David Lee Ramirez v. The State of Texas Appeal from 94th District Court of Nueces County (memorandum opinion)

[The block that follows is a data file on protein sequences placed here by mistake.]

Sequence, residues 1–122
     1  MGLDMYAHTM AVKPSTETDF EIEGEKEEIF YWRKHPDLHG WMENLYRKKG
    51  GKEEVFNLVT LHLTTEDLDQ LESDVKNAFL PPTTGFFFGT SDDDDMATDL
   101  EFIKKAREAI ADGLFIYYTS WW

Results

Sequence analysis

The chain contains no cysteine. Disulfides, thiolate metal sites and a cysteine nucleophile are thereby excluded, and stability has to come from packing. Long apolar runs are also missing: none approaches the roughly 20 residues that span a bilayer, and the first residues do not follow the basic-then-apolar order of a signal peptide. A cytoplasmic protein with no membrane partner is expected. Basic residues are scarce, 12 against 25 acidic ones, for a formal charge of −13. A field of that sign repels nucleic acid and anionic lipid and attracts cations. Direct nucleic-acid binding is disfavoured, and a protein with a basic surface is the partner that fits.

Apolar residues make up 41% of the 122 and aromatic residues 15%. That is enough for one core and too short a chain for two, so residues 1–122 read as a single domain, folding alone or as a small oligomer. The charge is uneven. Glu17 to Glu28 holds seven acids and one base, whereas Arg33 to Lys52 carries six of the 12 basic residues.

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NUMBER 13-18-00673-CR COURT OF APPEALS THIRTEENTH DISTRICT OF TEXAS CORPUS CHRISTI – EDINBURG DAVID LEE RAMIREZ, Appellant, v. THE STATE OF TEXAS, Appellee. On appeal from the 94th District Court of Nueces County, Texas. MEMORANDUM OPINION Before Chief Justice Contreras and Justices Benavides and Longoria Memorandum Opinion by Justice Benavides By a single issue, appellant David Lee Ramirez appeals from the trial court’s adjudication of his guilt and his sentence of three years’ imprisonment in the Texas Department of Criminal Justice—Institutional Division. Ramirez pleaded guilty to a single count of possession of more than one gram but less than four grams of a controlled substance (methamphetamine), a third-degree felony. See TEX. HEALTH & SAFETY CODE ANN. §§ 481.102(6), 481.115. The trial court imposed deferred adjudication community supervision for four years beginning in July 2016. His community supervision was revoked in 2018. We affirm. I. BACKGROUND Between 2016 and 2018, the State filed four different motions to modify or to revoke Ramirez’s community supervision based upon his alleged violations of law,1 his alleged failure to abstain from drugs, and other alleged failures to comply with the terms of his supervision. The trial court imposed sanctions three different times ranging from jail time, a batterer’s intervention program, and drug treatment. The State’s fourth motion to revoke in April 2018 was based upon Ramirez’s failure to comply with the rules of the drug treatment facility he had been ordered to attend after the State’s third motion to revoke. 2 His violations included minor as well as major The first motion to revoke in August 2017 was based upon Ramirez’s possession of drugs and drug paraphernalia in Bee County, as well as his failure to pay supervision fees, his failure to obtain permission to leave Nueces County, his failure to report his arrest to his probation officer within twenty-four hours of his arrest, and operating a motor vehicle without a valid driver’s license and without insurance. The State’s second motion to revoke in January 2018 was based upon Ramirez’s arrest for assault bodily injury of a family member in Live Oak County, failure to obtain permission to leave Nueces County, and failure to pay supervision fees since June 27, 2016. The State’s third motion to revoke, filed in April 2018, was based upon Ramirez’s positive urinalysis for methamphetamines in April 2018; his move from living in Nueces County to living in Live Oak County without notifying his supervising officer within twenty-four hours as required; and his failure to do intake in the Batterer’s Intervention Prevention Program. 1 2 The rule violations alleged were: (1) disrespectful language to another resident on 8/28/2018 by saying, “you’re full of shit”; (2) misuse of furniture and facilities—doing chin-ups on a towel bar on 09/11/2018; (3) violating his fraternization contract on 9/11/2018 by stopping in front of a resident, realizing he could not sit near him, and then moving away; (4) violating grooming requirements by failing to shave on 09/14/2018; (5) preparing food outside of scheduled times and outside the dining area—Ramirez prepared soup packets on 9/13/2018 in the dorm bathroom; (6) on 9/14/2018, Ramirez was sleeping during free time which violated curfew; (7) on 8/23/2018 he was late putting his laundry out for pick-up; (8) Ramirez entered resident room 4 which was off-limits to him; (9) Ramirez failed to provide his AA/NA log as required on 7/24/2018; (10) Ramirez was late for kitchen duty on 7/29/2018, 7/31/2018, and 8/22/2018; (11) Ramirez took two breakfast trays in violation of regulations; and (12) on 08/19/2018, Ramirez locked his ID badge inside his locker which was a violation of the requirement that he wear it at all times. 2 violations according to the program’s guidelines. On October 25, 2018, the trial court accepted Ramirez’s signed admonishments, written statements, and waiver. Ramirez pleaded “true” to all the allegations. The State announced an agreed recommendation on punishment of three years’ imprisonment with Substance Abuse Felony Probation (SAFPF). The trial court imposed a three-year sentence during the hearing and signed the judgment on November 27, 2018. Ramirez filed a timely motion for new trial raising his current complaint and obtained an order setting it for hearing, but Ramirez was transferred before the motion could be heard3 and it was overruled by operation of law. It is from that judgment that Ramirez appeals. II. REVOCATION By a single issue, Ramirez argues that the trial court erred by not adjudicating his guilt in open court and allowing him a separate punishment hearing. However, he acknowledges that he did not object to the trial court’s failure to adjudicate guilt in open court. The State argues that he did not preserve error. See TEX. R. APP. P. 33.1. Because there is a question regarding whether error was preserved under the circumstances here, we address Ramirez’s issue. See Issa v. State, 826 S.W.2d 159, 159–60 (Tex. Crim. App. 1992) (per curiam) (holding that timely filed motion for new trial preserved issue for appeal of trial court’s refusal to allow evidence for punishment on revocation of deferred adjudication). 3 Ramirez was a necessary witness at the motion for new trial and his transfer prevented his presence. Because the motion was set on the last possible date, there was not time for his transfer back to the trial court. 3 A. Standard of Review We review a trial court’s decision to revoke deferred adjudication community supervision for an abuse of discretion. Rickels v. State, 202 S.W.3d 759, 763 (Tex. Crim. App. 2006); Cardona v. State, 665 S.W.2d 492, 493 (Tex. Crim. App. 1984); Lawrence v. State, 420 S.W.3d 329, 331 (Tex. App.—Fort Worth 2014, pet. ref’d). In a revocation proceeding, the State must prove by a preponderance of the evidence that the defendant violated at least one of the terms and conditions of community supervision. Cobb v. State, 851 S.W.2d 871, 873–74 (Tex. Crim. App. 1993). Proof of a violation of one condition of community supervision is sufficient to support the trial court’s decision to revoke. Garcia v. State, 387 S.W.3d 20, 26 (Tex. Crim. App. 2012). The trial court is the sole judge of the credibility of the witnesses and the weight to be given their testimony, and we review the evidence in the light most favorable to the trial court’s ruling. Cardona, 665 S.W.2d at 493. If the State fails to meet its burden of proof, the trial court abuses its discretion in revoking the community supervision. Cardona, 665 S.W.2d at 493–94. B. Discussion Ramirez was given written notice of the alleged violations of his community supervision, appointed counsel, given notice of the hearing, and appeared in person with counsel at the hearing. He was admonished in writing and was orally admonished that if he pleaded true to a violation, then the trial court would find the violation true because he admitted his violation. Ramirez was asked if he read and signed the written admonishments, if his lawyer had reviewed them with him, and if he understood them. He responded “yes” to each question. Ramirez pleaded true to all the alleged violations. The 4 trial court then asked for recommendations: COURT: Okay. So you’re recommending revocation? [State]: Yes, Your Honor, agreed recommendation, revocation and three years TDCJ. [Defense]: That is our agreed recommendation, Your Honor. COURT: What's probation's opinion on all this? Probation: We were recommending SAFPF. COURT: Okay. All right. Anybody wish to present any evidence? [Defense]: Not as to the allegations, but as to disposition, I’d like [to] call Mr. Ramirez. After Ramirez responded to counsel’s questions, Ramirez then read a statement in which he alleged that his violations were a result of self-defense to harassment and assault. The State did not cross-examine him. Afterwards, the trial court said, “Okay. You’re asking for three years. They want SAFPF?” Defense counsel added, “And we’re asking for three years as well.” The trial court pronounced sentence: “All right. Three years—look, three years it is.” Ramirez’s original offense was a third-degree felony with a punishment range of two to ten years. See TEX. PENAL CODE ANN. § 12.34(a). The signed judgment reflected that the trial court adjudicated Ramirez’s guilt of the original controlled substance offense. However, it was signed weeks after the revocation hearing. A defendant is entitled to the opportunity to present evidence on the applicability of a particular sanction or punishment and to offer evidence in support of mitigation or explanation. See Issa, 826 S.W.2d at 159–60. The trial court allowed that in the present case. Defense counsel called Ramirez as a witness for punishment purposes and did not seek to call any other witnesses. In Hardeman v. State, the court of criminal appeals 5 emphasized that a defendant must have the opportunity to present evidence during the proceedings. See 1 S.W.3d 689, 691 (Tex. Crim. App. 1999); see also Camarillo v. State, No, 13-13-00472-CR, 2014 WL 3928115, at *2 (Tex. App.—Corpus Christi–Edinburg June 12, 2014, pet. ref'd) (mem. op., not designated for publication) (recognizing no “absolute right to a separate punishment hearing” after the adjudication of guilt at a revocation hearing). In addition, although the adjudication of guilt was not announced on the record, defense counsel and the State made an agreed recommendation to the trial court that included adjudication, a three year sentence of imprisonment in the Texas Department of Criminal Justice–Institutional Division, and a recommendation for felony inpatient drug treatment, SAFPF, such that adjudication was not a surprise. A trial court’s failure to verbalize the adjudication of guilt does not render the judgment void. Villela v. State, 564 S.W.2d 750, 751 (Tex. Crim. App. [Panel Op.] 1978). “Beyond the pronouncement of sentence, ‘no further ritual or special incantation from the bench is necessary to accomplish an adjudication of guilt.’” Jones v. State, 795 S.W.2d 199, 201 (Tex. Crim. App. 1990). Finally, the alleged evidence that Ramirez claims he wanted to present had nothing to do with the violations of the treatment center rules and was therefore not relevant. Ramirez was not alleged to be violent, rather he was alleged to have disregarded all kinds of rules of the drug treatment facility: civility, work detail assignments, tardiness, dietary rules, grooming, fraternization, and others. Ramirez was permitted to testify to his belief that the violations alleged resulted from his efforts to defend himself from harassment and 6 sexual assault despite their lack of relevance to the violations. Further testimony would have been unlikely to have made any difference due to its lack of relevance. See TEX. R. EVID. 402; Montgomery v. State, 810 S.W.2d 372, 376 (Tex. Crim. App. 1990) (“[E]vidence merely tending to affect the probability of the truth or falsity of a fact in issue is logically relevant.”). Accordingly, we overrule Ramirez’s sole issue. III. CONCLUSION We affirm the judgment of the trial court. GINA M. BENAVIDES, Justice Do not publish. TEX. R. APP. P. 47.2 (b). Delivered and filed the 25th day of June, 2020. 7